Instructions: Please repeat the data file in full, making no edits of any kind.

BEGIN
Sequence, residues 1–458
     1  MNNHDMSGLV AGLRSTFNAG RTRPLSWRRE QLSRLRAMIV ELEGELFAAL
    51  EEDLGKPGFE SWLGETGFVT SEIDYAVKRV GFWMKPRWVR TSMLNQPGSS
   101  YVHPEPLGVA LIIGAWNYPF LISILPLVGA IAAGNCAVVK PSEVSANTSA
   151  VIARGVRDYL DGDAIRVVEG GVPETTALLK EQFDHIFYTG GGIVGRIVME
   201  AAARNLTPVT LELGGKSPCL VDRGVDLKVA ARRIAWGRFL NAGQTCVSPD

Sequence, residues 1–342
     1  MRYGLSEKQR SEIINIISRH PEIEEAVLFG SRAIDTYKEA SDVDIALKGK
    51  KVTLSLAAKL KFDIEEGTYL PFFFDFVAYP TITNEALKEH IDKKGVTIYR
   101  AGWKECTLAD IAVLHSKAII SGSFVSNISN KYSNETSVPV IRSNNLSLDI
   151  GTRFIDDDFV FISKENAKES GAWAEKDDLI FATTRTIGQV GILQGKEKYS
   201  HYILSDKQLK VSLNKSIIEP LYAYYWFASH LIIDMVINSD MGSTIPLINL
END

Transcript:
Sequence, residues 1–458
     1  MNNHDMSGLV AGLRSTFNAG RTRPLSWRRE QLSRLRAMIV ELEGELFAAL
    51  EEDLGKPGFE SWLGETGFVT SEIDYAVKRV GFWMKPRWVR TSMLNQPGSS
   101  YVHPEPLGVA LIIGAWNYPF LISILPLVGA IAAGNCAVVK PSEVSANTSA
   151  VIARGVRDYL DGDAIRVVEG GVPETTALLK EQFDHIFYTG GGIVGRIVME
   201  AAARNLTPVT LELGGKSPCL VDRGVDLKVA ARRIAWGRFL NAGQTCVSPD

Sequence, residues 1–342
     1  MRYGLSEKQR SEIINIISRH PEIEEAVLFG SRAIDTYKEA SDVDIALKGK
    51  KVTLSLAAKL KFDIEEGTYL PFFFDFVAYP TITNEALKEH IDKKGVTIYR
   101  AGWKECTLAD IAVLHSKAII SGSFVSNISN KYSNETSVPV IRSNNLSLDI
   151  GTRFIDDDFV FISKENAKES GAWAEKDDLI FATTRTIGQV GILQGKEKYS
   201  HYILSDKQLK VSLNKSIIEP LYAYYWFASH LIIDMVINSD MGSTIPLINL